In a first, the United States Department of Agriculture is hosting a national hemp webinar series.
The USDA’s Agricultural Research Service (ARS) has partnered with Cornell University’s College of Agriculture and Life Science on the effort, which “aims to broaden the scope of training, education, and connectivity within the hemp community,” according to the USDA’s announcement.
“Hemp is rapidly emerging as a critical multi-use and economically significant crop, so this hemp seminar series is designed to increase the diversity, equity, and inclusivity of ARS’ mission while providing hemp-specific education, training, and networking opportunities to historically underserved communities,” said Zachary Stansell, the ARS’ geneticist and acting hemp curator, in the announcement.
The webinar series, which began this week, runs through May. Topics include: cultivation, extraction, processing, genetics, hemp food, and even a focus on the endocannabinoid system, which is the system of receptors in the body that reacts to cannabis compounds, known as cannabinoids, like THC and CBD.
Cornell has been growing and researching hemp for years, with a focus on everything from establishing new hemp cultivars to ensuring “economic viability” for producers. Research at the university has ranged from hemp cultivated for its cannabinoids, like CBD and CBG, and hemp cultivated for its fiber.
Cornell has registered to lobby on hemp at a national level since 2018. Cannabis Wire has also found that, in New York, Cornell registered in 2021 to lobby New York’s governor, the lieutenant governor, and the Department of Agriculture and Markets for funding related to “industrial hemp research and workforce education.” The University also registered to lobby on a “Cornell Industrial Hemp Institute.” And finally, broadening to cannabis, Cornell registered to lobby on “funding related” to a “Cornell Industrial and Labor Relations Cannabis Workforce Initiative.”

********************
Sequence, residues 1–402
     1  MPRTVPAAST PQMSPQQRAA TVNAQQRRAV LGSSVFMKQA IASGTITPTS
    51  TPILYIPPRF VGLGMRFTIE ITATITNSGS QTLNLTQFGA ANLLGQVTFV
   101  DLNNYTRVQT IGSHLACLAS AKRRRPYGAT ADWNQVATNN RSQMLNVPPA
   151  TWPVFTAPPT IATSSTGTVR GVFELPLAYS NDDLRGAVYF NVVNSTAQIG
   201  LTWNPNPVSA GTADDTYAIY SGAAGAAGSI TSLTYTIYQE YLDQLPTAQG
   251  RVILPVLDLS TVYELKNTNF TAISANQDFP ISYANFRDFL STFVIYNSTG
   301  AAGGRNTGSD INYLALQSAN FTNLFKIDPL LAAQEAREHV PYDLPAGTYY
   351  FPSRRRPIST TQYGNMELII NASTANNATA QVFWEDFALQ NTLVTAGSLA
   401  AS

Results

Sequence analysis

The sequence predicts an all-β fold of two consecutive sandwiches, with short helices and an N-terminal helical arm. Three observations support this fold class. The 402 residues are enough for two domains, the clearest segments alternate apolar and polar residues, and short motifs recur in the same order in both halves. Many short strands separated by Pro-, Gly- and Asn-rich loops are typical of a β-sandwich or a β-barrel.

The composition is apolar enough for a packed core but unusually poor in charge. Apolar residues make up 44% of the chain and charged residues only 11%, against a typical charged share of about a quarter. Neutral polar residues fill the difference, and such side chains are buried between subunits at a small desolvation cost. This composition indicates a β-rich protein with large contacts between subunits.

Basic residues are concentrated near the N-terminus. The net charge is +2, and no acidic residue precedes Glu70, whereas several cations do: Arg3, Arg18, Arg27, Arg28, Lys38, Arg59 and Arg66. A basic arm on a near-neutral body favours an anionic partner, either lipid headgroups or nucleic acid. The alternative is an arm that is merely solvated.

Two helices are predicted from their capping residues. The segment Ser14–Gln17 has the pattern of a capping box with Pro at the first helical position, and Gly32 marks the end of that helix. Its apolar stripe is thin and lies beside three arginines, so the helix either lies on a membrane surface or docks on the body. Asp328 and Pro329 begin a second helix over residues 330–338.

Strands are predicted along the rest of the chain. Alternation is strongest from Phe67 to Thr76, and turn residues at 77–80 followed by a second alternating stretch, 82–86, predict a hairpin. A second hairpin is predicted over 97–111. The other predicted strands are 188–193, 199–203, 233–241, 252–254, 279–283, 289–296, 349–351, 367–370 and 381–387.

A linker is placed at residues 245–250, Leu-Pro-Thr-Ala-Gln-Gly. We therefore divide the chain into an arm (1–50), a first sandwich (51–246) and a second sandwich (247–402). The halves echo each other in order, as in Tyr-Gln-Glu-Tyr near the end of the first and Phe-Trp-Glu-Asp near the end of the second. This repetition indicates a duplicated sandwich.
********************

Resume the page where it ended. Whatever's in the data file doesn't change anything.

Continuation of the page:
ARS has other partners in its hemp research efforts, including Alabama A&M, Oregon State University, University of California-Davis, and the University of Wisconsin.
New York is also home to the USDA’s Hemp Germplasm Collection, from which data on hemp genetics is made available to researchers around the world.
The 2018 Farm Bill removed cannabis plants containing .3% THC or less, also known as hemp, from the Controlled Substances Act, and hemp is now being legally cultivated from California to New York.
Since then, the USDA has been steadily increasing its hemp-related efforts, from research on hemp in China, which is currently one of the world’s biggest hemp producers, and on hemp-based “cosmeceuticals,” to surveying more than 20,000 hemp producers in the U.S.
New York’s $2 billion hemp industry is under the purview of the newly established Office of Cannabis Management, which also oversees medical and adult use cannabis.